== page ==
Back to work day for those of us who enjoyed a two week festive break. All the ‘year to come’ reviews for 2009 are pretty gloomy, although there is a continuing thread of commentary suggesting that we might grow from adversity, in particular by looking beyond the failed God of consumerism (a theme explored by this blog several months ago). The RSA aims both to engage with the post credit crunch zeitgeist whilst also bucking the trend of pessimism and retrenchment. We have great ambitions for 2009 as a defining year for a new RSA, to which I will return in future postings.
While on the RSA I was fascinated by pre-Christmas exchanges on the Today programme about population ageing and ageism. In a long interview covering many issues, Martin Amis warned that the baby boomers would be a deeply resented generation when we reach old age. On the one hand, we will be perceived to be uniquely privileged with our relatively high occupational pensions and the money we have made from pricing younger generations out of the housing market. On the other hand, the sheer number of us greying society and demanding ever more health and social care will feel like a drag anchor on social progress.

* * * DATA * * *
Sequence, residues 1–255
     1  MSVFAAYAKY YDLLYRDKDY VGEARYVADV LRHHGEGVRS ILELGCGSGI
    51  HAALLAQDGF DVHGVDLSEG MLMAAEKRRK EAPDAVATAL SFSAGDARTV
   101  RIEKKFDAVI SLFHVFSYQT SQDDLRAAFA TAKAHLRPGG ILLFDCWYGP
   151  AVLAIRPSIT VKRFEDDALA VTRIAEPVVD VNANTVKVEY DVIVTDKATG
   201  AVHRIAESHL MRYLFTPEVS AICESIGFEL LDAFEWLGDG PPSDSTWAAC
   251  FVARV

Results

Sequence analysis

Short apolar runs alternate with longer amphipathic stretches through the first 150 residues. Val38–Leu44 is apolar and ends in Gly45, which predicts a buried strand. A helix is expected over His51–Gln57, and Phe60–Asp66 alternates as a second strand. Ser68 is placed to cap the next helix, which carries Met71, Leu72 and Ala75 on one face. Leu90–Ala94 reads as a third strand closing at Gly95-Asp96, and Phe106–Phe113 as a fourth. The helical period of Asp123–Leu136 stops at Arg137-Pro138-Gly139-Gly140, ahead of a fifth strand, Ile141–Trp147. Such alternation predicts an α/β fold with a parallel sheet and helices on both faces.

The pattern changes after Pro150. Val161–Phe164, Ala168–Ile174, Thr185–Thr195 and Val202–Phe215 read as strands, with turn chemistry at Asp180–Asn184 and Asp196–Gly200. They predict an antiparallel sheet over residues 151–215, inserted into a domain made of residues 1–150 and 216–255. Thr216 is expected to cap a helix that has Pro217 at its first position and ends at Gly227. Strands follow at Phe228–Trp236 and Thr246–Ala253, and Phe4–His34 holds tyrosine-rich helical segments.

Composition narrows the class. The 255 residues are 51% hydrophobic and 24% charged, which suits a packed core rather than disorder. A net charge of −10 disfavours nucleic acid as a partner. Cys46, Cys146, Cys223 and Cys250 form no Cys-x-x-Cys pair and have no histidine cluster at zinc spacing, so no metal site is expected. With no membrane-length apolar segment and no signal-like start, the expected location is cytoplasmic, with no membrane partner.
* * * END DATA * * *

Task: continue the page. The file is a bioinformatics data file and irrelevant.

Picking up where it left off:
When David Willetts and Richard Reeves discussed Amis’ comments they agreed that the dangers of inter generational resentment and conflict are exacerbated by the tendency in society to segregate different age groups. For example, think how much time teenagers, and twenty-somethings spend together publicly and on-line in comparison to how little time they choose to spend with their parents’ and grandparents’ generation.
I’m not sure what the broader social trends tell us about this hypothesis. Is it even true? There certainly seem to be some counterfactuals. Housing and education costs now mean more young people have to stay at home well into their twenties. Also, more and more people in their forties, fifties and sixties are trying to stay up with the latest fashions, gizmos and popular culture. If people are age segregating is it simply because they now have the choice, or do social pressures such as marketing create and reinforce age stereotyping?
Anyway, the RSA is doing its bit. One of the many innovations in our Academy is vertical tutor groups (many other schools are trying these out too). These groups bring together students from year seven right through to the sixth form. At our last governors' meeting the students told us how much they enjoyed the new groups, which give older students a sense of responsibility and leadership and younger students valuable support and advice as they set out on secondary school.
These groups may only cover six years of school but as any parent knows the gap in experience and development between an eleven and a seventeen year old feels just as big as between a thirty five year old and seventy year old. So hopefully our Academy’s way of organising will help nip in the bud age-related intolerance and misunderstanding.
Lianna Etkind, RSA Central Fellowship Areas and Engagement Manager, explores the social benefits of the four-day week and calls for more participation to create the future of work.
Learn about the twelve-month journey of The Good Work Guild and the recommendations its global network of Fellows and work practitioners have made.